13. I confess I did not understand those books well, when I read them as an Atheist. It just seemed to enforce my Nihilist position. God seemed as pure Wrath, and Oblivious to human suffering.
    Since I became Catholic, with sound doctrine and the light of the Church Fathers, they make much more sense.
    The Book of Job is a lesson on humbleness. We are all creatures after all. We came to a world that we barely understand, we can only see a portion of it, and we are finite, time will consume our lives here. How is it possible for us to question God? It is like a dog suffering on the veterinarian and questioning why such pain exists. We are utterly incapable of understanding the meaning of the universe, because we did not create it. And that is Gods answer to Job, “Where were you when I created everything?”. You can only see meaning when you see the whole picture.
    Ecclesiastes is my favorite. If God does not exist, life has no meaning. Period. You can try to find meaning in your pleasures, deeds, works, virtues, stoicism, in anything. You will not find meaning. You will only find questions. And in the same Book Solomon always answers, “Everything is meaningless, Except Serving God”.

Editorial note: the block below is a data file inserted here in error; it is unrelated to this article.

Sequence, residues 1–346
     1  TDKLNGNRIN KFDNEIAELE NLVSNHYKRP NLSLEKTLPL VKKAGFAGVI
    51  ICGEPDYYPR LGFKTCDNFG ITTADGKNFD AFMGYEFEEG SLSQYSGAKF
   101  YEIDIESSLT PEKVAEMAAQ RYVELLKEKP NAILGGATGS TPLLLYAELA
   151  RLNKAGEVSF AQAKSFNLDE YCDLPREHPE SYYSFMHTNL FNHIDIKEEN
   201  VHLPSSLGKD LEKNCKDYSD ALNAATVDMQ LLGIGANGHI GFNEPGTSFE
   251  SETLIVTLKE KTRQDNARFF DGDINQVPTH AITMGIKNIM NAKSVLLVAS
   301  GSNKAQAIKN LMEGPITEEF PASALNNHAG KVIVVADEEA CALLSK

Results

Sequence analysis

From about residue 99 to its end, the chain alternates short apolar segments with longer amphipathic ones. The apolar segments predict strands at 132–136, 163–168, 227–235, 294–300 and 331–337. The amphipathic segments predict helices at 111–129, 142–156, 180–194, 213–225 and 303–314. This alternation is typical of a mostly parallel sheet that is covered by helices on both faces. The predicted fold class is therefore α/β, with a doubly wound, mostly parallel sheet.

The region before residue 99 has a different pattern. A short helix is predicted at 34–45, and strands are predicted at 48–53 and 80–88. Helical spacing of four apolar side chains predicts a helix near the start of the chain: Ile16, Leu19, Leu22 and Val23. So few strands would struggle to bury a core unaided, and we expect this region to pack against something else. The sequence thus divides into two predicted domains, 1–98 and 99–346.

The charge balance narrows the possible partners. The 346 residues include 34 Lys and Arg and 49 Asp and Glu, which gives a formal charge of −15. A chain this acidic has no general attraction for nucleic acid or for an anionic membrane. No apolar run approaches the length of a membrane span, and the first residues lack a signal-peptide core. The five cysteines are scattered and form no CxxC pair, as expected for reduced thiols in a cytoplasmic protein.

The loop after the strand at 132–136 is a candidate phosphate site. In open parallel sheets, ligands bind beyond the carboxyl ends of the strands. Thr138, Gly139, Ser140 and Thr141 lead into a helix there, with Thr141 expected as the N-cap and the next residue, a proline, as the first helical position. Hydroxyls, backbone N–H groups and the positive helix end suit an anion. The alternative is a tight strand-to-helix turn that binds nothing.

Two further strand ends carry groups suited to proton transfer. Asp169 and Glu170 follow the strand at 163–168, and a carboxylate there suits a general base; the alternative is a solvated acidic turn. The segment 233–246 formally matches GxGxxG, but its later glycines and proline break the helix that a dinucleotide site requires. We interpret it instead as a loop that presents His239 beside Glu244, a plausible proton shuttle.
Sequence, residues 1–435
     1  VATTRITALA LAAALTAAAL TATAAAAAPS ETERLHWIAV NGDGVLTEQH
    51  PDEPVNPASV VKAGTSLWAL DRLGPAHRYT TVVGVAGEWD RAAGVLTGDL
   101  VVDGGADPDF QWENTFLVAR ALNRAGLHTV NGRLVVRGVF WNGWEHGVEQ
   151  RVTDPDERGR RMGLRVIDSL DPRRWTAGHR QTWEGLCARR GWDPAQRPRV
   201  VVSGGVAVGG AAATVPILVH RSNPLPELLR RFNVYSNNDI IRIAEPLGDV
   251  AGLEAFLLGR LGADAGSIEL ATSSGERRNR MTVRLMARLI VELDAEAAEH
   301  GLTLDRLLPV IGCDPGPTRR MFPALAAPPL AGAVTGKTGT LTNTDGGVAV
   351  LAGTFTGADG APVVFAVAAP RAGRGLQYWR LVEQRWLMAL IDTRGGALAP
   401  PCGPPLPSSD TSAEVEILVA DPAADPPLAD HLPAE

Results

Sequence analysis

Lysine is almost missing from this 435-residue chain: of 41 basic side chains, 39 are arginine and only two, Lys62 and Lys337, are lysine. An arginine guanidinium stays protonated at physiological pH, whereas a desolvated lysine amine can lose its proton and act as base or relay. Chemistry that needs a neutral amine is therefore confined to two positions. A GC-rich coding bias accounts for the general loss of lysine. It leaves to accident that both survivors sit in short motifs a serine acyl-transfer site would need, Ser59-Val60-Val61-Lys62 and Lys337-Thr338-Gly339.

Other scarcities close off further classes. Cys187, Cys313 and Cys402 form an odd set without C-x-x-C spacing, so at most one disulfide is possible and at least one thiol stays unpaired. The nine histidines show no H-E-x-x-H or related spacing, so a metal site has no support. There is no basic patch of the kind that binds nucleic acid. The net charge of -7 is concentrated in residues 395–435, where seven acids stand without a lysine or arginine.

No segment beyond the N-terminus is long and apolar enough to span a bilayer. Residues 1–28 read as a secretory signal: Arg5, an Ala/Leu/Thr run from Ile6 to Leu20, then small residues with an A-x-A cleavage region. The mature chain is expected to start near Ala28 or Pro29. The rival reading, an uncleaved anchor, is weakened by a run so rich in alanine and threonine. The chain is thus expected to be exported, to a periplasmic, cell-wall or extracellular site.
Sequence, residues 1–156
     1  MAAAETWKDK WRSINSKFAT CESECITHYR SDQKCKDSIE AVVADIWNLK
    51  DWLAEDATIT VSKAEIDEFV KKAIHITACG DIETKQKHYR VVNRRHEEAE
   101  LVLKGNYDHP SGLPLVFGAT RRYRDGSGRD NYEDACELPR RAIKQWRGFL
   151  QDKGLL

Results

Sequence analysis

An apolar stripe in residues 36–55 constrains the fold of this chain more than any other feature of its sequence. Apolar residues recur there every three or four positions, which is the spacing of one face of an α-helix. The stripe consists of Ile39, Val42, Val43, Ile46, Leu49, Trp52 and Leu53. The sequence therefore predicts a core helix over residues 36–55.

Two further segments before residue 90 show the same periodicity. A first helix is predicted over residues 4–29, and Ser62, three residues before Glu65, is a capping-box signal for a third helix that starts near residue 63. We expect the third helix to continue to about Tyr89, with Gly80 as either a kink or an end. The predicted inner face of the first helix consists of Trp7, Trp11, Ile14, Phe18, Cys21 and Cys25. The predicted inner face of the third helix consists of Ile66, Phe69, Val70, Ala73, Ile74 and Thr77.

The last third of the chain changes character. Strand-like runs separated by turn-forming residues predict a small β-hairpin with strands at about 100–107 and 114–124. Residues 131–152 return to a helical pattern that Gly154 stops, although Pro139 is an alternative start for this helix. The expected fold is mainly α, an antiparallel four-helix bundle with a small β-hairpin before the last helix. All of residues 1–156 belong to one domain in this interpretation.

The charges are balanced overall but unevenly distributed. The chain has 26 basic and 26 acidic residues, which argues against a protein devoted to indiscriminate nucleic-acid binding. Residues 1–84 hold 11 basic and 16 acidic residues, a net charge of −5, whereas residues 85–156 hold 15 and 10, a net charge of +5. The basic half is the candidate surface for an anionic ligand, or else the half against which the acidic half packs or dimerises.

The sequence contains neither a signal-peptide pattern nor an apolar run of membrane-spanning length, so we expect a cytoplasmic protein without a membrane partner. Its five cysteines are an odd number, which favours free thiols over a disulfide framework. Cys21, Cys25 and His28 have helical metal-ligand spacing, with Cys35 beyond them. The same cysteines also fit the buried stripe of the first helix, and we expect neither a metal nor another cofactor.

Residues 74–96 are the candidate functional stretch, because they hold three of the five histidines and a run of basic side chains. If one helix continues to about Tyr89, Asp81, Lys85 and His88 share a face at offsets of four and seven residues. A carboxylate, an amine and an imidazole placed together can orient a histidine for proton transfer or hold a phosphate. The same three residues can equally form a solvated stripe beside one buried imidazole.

1. So Men like the Apostles, gave their lives, in excruciating painful ways, just to satisfy some selfish behavior. All the early Christians Martyrs were just selfish assholes that wanted to die at the mouth of lions and other beasts, selfishly wanted to be burned alive.
        St Francis of Assisi, was a selfish bastard that denied himself every pleasure that exists just to prove a selfish point.
        St Augustine, another selfish guy who after experiencing, who after learning a lot of philosophy just found a way to justify not doing anything he liked before and living a self denying life.
        Grow up. Go study. Be humble.
        Stop trying to justify your egoism by saying everyone is as egocentric as yourself.

  14. I’d argue that the point of Job was missed.
    Job and all his buddies were trying to tie Job’s material circumstances to his actions, as if God was acting in response to something Job did, or should be doing.
    The reason God went all “what do you know?” is because of the inherent arrogance behind this mentality, that God’s actions are inherently tied to the actions of people, for good or bad.
    God’s point is that both good and bad things can happen in your life which have nothing to do with anything you’ve done, and that these things are not supposed to be distractions from the true purpose in life – having relationship with God.